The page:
As the new Director of the Henry Luce III Center for the Arts and Religion at Wesley Theological Seminary, I am excited about the possibilities that I see ahead for LCAR as we move into the future. I am honored and delighted at the trust and confidence that WTS has placed in me to lead the Center.
After fifteen years as the Curator of the Dadian Gallery, which included time as an MTS student at Wesley, PhD work at Drew University, and finally attaining the rank of Associate Professor of Art and Worship here again, this feels like the capstone of my career.
As I look ahead, I am aware of the important groundwork laid by LCAR's founder and first director, Catherine Kapikian, in insisting on the centrality of the arts in theological education and creating a program that is the standard by which arts offerings at other seminaries are measured. Not only is there art on every hallway and office wall, but the expectation that the arts will be an integral part of the way we teach and learn about God, the Church, and the world pervades the seminary. I am beyond grateful to Catherine for her vision of providing a place for artists and theologians to be in conversation, and for her thirty years of guiding LCAR from that early, prophetic vision to its current, living, incarnate reality. As Director, I pledge to maintain Catherine's tradition of combining teaching, research, and an active studio practice with a willing ear and an open heart for who all want to explore the intersection of art and faith.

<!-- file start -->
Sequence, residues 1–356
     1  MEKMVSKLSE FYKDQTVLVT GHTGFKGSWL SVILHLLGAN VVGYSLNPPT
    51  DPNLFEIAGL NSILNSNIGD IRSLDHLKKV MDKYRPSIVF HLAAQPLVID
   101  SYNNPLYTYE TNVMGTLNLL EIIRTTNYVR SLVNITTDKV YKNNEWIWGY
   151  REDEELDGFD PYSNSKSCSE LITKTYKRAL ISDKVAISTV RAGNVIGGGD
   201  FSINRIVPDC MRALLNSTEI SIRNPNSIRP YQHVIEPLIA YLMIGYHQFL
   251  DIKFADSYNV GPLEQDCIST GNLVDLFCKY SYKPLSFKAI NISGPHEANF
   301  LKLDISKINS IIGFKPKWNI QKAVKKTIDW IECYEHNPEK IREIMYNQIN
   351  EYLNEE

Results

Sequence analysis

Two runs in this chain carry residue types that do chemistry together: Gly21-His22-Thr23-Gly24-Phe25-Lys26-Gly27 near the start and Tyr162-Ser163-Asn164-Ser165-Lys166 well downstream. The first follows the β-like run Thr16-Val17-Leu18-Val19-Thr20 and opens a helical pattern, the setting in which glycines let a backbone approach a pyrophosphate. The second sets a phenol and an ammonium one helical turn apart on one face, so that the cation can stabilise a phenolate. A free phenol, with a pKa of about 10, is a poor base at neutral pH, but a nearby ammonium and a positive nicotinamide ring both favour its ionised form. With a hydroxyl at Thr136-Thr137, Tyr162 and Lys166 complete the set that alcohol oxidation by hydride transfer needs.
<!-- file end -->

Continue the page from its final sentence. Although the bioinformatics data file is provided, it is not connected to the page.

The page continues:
I am, of course, also aware that many challenges are before me. Perhaps the most sobering of these challenges is the reality that our endowment, including the generous grant given to us by the Luce Foundation several years ago, as well as other gifts from individual donors who believe in our mission and our programs, has been severely diminished by the economic downturn that has affected all of our lives. Where once we were able to pay for about half of our expenses from the income of that nest-egg, it now covers a little more than one quarter of our ongoing costs. High among the many tasks that fill my to-do list is rebuilding that endowment and ensuring the financial health of the Center so that it can serve the needs of artists and the Church in the 21st century and beyond.
Although we, like everyone else, have had to tighten our belts, we are pleased to continue to offer a full calendar of exhibitions, events, and classes. As students come back from their summer activities, the Dadian Gallery's fall season will open with "An Artist's Reaction to War," a group exhibition organized by guest curator Cecilia Rossi, featuring works by ten nationally-known artists, while Rossi's own multi-panel work, "War Memorial: Iraq and Afghanistan," will fill the walls of the boardroom. Look for information on this and other shows on our upcoming exhibitions page.
In the Fall semester, the studio will be filled with the sounds and sights of our new Artists-in-Residence, Lauren Raine, Doug Purnell, and Carolyn Gass as they move in to begin their own projects and work with students; and the continuing presence of Distinguished Artist-in-Residence, Catherine Kapikian. Meanwhile, Deryl Davis will be casting for a production of Michael Hollinger's play, Incorruptible, a dark comedy about the dark ages; Eileen Guenther will teach music courses and lead the choir; Kathryn Sparks will teach dance; and Tracy Radosevic will help students learn to tell the stories of the Bible artfully and dramatically.
Additionally, in the coming months look for new opportunities to become involved with our work, whether it is volunteering to be a docent in the Dadian Gallery, participating in ongoing conversations about what it means to be an artist of faith in the 21st century, becoming our fan on Facebook, or reading this blog.
I look forward to hearing from you.